HeartSciences said today that its MyoVista high sensitivity electrocardiograph testing device won CE Mark and launched in Europe.
The Westlake, Texas.-based company’s device measures the heart’s energy per heartbeat using Continuous Wavelet Transform, a type of advanced signal processing that provides doctors with a detailed visual description of a cardiac cycle’s energy distribution.
Traditional resting ECG tech detects coronary artery disease less than 50% of the time, HeartSciences reported.
“Currently, there’s a significant diagnostic gap in detecting heart disease early, resulting in a burden on both patients and healthcare systems,” chairman Andrew Simpson said in prepared remarks. “We believe MyoVista hsECG could play an important role in achieving the preventative treatment ambitions of many healthcare systems as well as help reduce unnecessary healthcare expenditures.”
In a 200-patient trial, MyoVista hsECG tech was able to detect cardiac dysfunction in a cardiac cycle’s resting phase with 88% sensitivity and 87% specificity, according to HeartSciences.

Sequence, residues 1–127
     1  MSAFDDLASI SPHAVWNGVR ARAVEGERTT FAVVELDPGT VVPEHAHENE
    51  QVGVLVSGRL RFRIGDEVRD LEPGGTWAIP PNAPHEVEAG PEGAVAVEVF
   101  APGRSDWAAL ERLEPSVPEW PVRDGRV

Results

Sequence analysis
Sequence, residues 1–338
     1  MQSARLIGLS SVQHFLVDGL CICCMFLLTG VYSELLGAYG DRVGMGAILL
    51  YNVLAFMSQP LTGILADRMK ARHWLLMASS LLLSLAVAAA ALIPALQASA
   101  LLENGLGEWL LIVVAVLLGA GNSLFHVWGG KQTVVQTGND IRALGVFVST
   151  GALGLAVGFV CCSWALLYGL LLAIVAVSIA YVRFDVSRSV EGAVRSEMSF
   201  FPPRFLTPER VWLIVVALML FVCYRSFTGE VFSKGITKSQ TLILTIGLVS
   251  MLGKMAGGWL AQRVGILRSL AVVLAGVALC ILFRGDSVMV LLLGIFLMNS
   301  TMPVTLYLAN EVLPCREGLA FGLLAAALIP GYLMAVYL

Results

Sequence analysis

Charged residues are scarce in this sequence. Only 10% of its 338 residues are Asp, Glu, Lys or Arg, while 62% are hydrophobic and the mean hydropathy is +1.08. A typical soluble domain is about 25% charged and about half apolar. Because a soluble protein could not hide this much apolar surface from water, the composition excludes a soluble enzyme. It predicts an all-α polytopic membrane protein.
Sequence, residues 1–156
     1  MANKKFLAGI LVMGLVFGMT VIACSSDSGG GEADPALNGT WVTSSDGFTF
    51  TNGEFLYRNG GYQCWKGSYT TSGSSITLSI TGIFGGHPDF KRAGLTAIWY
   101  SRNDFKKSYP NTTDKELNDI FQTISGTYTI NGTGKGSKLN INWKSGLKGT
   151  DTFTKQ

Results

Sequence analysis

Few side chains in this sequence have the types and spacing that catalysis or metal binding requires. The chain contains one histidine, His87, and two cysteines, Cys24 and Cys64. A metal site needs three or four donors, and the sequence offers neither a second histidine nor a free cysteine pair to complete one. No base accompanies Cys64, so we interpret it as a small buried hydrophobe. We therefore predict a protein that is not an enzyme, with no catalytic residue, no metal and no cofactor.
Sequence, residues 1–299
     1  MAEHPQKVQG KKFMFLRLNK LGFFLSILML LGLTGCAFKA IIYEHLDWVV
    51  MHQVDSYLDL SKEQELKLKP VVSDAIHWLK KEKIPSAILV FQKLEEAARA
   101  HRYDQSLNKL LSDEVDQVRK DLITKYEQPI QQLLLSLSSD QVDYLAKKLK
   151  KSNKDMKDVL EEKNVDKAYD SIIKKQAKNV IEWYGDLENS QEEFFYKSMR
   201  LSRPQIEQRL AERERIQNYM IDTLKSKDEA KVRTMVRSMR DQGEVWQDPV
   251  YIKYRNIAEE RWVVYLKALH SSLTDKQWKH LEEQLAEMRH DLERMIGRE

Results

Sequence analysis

“Innovation is needed to advance front-line testing of patients for heart disease,” lead investigator Dr. Partho Sengupta said. “High sensitivity ECG technology holds significant promise for improving the detection of heart disease.”
MyoVista hsECG uses the same 12-lead, at-rest testing protocol as conventional ECG devices. The device combines informatics with traditional 12-lead resting ECG tracings and ECG interpretive analysis, HeartSciences said.
“It makes sense to use advanced signal processing to create a modern, low-cost, front-line tool to detect heart disease,” CEO Mark Hilz added. “While MyoVista represents a first-of-its-kind application to electrocardiographic testing, advanced signal processing has already enabled key imaging technologies such as computed tomography scans, magnetic resonance imaging, Doppler echocardiography and positron emission tomography scans.”
HeartSciences is reportedly planning to seek FDA clearance for MyoVista next year.